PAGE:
The climb from Intermediate Camp (IC) to Advanced Camp (ABC) was a tough climb from 5735m to 6400m. However, it felt better compared to last year. It’s a beautiful six hour climb through a glacier that is a merge from two other glaciers. I had some slight headache when I arrived to ABC but it was under control in an hour or so.
By the way, In Intermediate Camp I met with a Danish climber that was making his second summit attempt. He ran in to trouble in Camp 2 last year when he climbed without Sherpa support or oxygen. His view was that you had to go through a feeling of pain etc. in order to be proper acclimatized. He was on his way down to BC in order to recover for a couple of days. I met with many views of how Everest should be climbed during my ascend of this beautiful mountain. My view is to have the most beautiful memory from being here but I suppose that ain’t very macho, or? We served him a cup of tea that I think provided some joy in his day.
We are staying two days in ABC before we climb to North Col at 7000m. This is a test climb including one night at North Col. After that we plan to move down to BC to gain some energy at lower altitude, cleanup and eat better food.
The days in ABC are very focused on my body. I made one climb up to Crampons Point at 6585m in order to see that my breathing works at this altitude. Intense yoga breathing is one activity during at least 2 hours a day. Correct breathing provides me good saturation, energy, warm hands and feet. When I loose control over my breathing my body will tell me fast and I get uncomfortable. I do loose body control now and then and it makes you sad when you can’t get up the temperature in the core of your body. But, I am sitting on 50m thick glaciers ice so why complain? I check my saturation and my heart rate a couple of times a day and the current value is 70-80% saturation and a pulse of 60-70 BPM. Eating isn’t my favorite activity but necessary to get energy for the upcoming climb to North Col.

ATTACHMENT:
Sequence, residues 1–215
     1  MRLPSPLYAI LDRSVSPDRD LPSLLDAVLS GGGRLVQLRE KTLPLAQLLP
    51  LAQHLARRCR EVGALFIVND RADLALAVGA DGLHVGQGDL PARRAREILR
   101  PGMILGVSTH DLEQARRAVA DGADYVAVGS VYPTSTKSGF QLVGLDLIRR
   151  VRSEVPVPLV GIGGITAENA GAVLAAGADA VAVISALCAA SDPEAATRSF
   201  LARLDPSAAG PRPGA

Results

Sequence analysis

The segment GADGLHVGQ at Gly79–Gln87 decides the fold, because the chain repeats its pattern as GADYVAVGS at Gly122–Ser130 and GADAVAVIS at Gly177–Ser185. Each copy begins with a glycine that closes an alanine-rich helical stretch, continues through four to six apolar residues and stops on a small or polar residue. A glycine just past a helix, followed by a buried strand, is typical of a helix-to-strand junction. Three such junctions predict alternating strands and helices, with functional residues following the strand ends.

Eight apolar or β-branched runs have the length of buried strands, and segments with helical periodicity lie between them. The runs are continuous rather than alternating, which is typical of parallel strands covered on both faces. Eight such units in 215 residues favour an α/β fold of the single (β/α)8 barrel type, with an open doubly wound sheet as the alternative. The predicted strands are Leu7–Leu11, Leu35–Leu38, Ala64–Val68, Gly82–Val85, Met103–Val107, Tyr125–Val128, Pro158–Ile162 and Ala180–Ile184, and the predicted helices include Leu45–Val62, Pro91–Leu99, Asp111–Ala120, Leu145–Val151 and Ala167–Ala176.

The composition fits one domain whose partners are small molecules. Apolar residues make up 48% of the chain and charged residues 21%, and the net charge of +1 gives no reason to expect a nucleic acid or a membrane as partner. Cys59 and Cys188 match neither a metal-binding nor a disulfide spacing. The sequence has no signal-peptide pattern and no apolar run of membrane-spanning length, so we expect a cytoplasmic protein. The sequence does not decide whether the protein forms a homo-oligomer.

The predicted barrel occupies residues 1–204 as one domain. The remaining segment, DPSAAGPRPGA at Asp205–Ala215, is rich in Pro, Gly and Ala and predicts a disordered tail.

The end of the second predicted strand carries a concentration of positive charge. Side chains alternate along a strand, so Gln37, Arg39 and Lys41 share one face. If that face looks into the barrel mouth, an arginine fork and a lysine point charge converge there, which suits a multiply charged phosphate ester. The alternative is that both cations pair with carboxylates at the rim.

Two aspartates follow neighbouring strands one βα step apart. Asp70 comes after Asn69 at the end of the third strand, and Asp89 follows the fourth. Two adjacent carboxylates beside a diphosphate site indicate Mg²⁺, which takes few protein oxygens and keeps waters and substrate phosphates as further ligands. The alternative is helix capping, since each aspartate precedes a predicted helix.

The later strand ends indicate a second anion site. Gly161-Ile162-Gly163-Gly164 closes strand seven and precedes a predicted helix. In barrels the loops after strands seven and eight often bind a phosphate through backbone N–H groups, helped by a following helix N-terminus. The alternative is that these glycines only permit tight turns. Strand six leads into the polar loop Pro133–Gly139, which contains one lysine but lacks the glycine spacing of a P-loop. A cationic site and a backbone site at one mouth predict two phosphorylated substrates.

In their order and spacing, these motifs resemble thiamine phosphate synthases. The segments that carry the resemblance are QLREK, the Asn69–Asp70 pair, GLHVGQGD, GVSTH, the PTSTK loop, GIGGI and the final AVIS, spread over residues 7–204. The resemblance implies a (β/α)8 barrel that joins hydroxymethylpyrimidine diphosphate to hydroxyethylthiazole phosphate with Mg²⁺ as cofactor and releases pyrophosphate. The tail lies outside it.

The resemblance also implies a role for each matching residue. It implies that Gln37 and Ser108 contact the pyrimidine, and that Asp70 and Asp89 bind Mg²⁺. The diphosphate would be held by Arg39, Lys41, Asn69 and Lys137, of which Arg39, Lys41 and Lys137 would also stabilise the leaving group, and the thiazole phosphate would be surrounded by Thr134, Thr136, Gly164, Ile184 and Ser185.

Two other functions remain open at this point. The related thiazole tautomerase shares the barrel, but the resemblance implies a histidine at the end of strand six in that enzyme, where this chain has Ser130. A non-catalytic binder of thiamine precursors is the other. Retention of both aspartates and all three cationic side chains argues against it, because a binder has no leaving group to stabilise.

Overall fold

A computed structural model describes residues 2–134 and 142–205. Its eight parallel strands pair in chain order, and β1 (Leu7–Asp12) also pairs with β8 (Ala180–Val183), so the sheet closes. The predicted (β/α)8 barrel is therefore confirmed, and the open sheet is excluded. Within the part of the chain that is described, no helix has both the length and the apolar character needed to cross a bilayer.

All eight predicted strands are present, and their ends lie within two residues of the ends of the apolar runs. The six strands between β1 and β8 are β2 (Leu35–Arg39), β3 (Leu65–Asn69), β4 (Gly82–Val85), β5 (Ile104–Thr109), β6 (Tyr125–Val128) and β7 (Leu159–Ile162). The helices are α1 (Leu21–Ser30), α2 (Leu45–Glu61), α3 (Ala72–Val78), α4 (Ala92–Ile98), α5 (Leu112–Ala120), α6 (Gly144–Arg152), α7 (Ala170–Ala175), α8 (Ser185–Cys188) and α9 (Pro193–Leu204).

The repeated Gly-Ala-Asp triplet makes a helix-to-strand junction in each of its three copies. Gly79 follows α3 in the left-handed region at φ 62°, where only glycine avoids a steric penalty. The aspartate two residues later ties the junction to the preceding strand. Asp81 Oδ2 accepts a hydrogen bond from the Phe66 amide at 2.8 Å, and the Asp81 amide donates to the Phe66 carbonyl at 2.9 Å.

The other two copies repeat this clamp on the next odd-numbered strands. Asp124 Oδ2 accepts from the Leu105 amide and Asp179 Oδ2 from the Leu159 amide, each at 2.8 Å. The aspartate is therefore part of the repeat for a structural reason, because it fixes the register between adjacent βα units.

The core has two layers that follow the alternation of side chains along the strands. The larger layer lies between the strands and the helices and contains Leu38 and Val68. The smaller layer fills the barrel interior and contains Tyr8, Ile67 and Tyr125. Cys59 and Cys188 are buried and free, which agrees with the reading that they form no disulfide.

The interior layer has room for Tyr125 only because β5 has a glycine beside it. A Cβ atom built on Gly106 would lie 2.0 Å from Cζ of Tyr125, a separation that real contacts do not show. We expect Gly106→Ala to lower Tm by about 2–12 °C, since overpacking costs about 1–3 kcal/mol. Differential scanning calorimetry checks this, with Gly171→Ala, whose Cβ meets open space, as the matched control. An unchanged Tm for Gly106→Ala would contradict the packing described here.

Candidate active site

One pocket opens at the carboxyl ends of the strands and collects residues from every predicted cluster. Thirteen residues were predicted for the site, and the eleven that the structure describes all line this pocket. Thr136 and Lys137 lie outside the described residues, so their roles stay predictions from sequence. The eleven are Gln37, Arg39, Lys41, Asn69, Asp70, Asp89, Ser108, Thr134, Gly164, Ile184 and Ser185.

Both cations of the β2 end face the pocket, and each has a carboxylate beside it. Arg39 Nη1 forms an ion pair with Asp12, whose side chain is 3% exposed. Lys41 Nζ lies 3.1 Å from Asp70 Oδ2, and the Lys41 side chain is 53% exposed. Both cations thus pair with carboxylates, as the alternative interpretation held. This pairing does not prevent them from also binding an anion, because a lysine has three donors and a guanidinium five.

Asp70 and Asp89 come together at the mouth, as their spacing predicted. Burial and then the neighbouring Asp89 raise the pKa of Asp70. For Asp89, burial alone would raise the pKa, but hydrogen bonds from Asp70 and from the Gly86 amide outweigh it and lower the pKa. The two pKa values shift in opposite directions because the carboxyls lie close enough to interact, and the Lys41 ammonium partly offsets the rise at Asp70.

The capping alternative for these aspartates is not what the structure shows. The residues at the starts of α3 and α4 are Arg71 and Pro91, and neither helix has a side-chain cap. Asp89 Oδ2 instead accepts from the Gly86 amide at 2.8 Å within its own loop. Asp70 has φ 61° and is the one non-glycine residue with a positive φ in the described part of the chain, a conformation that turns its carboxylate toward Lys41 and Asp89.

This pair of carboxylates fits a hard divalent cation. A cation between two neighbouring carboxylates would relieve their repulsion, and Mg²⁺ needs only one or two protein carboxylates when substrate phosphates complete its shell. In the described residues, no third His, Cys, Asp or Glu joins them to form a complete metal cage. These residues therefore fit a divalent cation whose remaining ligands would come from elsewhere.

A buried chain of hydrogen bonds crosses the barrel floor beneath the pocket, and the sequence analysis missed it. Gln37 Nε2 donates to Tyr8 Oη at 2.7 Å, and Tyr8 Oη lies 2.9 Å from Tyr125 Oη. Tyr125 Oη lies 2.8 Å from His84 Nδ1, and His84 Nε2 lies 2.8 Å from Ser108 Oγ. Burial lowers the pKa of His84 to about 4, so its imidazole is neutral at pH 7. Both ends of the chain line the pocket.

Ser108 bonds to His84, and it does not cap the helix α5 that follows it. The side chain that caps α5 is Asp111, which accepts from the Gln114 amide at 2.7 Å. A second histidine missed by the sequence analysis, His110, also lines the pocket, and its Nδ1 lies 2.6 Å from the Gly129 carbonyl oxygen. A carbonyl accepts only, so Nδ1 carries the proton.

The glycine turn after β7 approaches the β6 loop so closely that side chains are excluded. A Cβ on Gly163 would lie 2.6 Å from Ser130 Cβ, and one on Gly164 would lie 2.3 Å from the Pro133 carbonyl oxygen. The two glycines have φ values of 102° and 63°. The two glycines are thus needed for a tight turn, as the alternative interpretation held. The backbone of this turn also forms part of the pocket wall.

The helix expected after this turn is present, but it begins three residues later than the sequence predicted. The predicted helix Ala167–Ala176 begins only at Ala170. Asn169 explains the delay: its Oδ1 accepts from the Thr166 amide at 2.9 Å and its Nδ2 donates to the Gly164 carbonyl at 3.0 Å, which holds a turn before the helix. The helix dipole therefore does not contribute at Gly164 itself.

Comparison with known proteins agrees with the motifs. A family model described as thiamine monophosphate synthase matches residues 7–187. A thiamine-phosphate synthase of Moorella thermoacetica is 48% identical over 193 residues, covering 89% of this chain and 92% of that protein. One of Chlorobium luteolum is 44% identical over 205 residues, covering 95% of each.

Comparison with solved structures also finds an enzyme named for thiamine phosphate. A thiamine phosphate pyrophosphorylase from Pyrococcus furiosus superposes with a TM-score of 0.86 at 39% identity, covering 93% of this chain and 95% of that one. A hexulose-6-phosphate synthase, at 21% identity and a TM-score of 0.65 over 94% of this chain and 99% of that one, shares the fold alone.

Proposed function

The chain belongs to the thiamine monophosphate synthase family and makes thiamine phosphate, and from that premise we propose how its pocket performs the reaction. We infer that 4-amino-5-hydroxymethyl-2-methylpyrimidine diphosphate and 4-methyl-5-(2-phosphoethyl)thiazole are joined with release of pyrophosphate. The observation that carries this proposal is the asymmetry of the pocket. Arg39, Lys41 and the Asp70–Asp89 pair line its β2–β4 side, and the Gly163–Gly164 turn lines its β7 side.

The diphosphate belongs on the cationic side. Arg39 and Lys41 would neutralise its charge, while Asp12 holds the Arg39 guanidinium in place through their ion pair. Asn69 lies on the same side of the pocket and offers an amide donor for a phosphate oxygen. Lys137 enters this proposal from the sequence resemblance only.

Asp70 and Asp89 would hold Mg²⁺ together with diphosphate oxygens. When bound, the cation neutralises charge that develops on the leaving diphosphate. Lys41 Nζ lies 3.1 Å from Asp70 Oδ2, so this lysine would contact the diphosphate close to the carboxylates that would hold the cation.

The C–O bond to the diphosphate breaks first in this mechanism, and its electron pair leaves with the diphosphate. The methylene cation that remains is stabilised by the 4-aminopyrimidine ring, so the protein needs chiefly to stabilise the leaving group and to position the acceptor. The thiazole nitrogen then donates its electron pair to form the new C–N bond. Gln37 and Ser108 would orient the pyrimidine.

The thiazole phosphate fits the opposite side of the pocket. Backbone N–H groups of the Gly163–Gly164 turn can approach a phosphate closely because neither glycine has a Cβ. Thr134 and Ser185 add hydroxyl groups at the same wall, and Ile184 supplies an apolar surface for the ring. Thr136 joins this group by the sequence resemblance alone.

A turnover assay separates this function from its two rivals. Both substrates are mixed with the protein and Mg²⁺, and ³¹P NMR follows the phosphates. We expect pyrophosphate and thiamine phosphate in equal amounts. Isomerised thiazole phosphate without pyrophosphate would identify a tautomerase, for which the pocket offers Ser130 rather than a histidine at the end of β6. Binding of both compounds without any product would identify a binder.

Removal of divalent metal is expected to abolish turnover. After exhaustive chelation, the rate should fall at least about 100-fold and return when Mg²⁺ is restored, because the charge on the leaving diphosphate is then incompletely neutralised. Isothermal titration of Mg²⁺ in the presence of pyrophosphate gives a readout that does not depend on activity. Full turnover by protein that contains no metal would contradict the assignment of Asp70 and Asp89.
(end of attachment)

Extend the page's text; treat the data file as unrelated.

ABC is like a little village with teams from several countries. The terrain is incredibly rough and getting out of our camp is an effort. During daytime you mostly hear Chinese and Tibetan music from the kitchen tents around the camp which creates a certain mood in the camp, I like it! My blog post writing can be interrupted by rock falls that still make me jump up and get out of the tent at night. There is a big cliff wall next to the ABC and as temperature changes ice and rock move during the day and fall down, but we are relatively safe.
One day we went through the oxygen system together with Chhiring. This felt very good and I could see that with relatively little oxygen my saturation level could kick up to 98% from 70%. This is an extremely important safety factor. I am not sure from which altitude I will be using oxygen but that will be more clear after my first North Col climb.
Sometimes I get out of the tent at 03:00AM in order to catch different light phenomena’s and something’s are really awesome such as a rainbow around the moon! The photo isn’t the best (Mats, Robin or Annelie – please get me right on this…).
When I trekked to Crampon point I met with the fourteen Chinese climber team from Beijing University. The leader authorized me to take pictures of his team. I mentioned I was from Sweden and visited their University in 1985. They are extremely happy to have contact with foreigners and it was a positive experience “hallowing” to the members. This created a very open communication and when I mentioned my age everyone wanted to tell about their age – laughs and joy in the air! They were all going for a test night at North Col. Would be cool to follow their success, let’s see!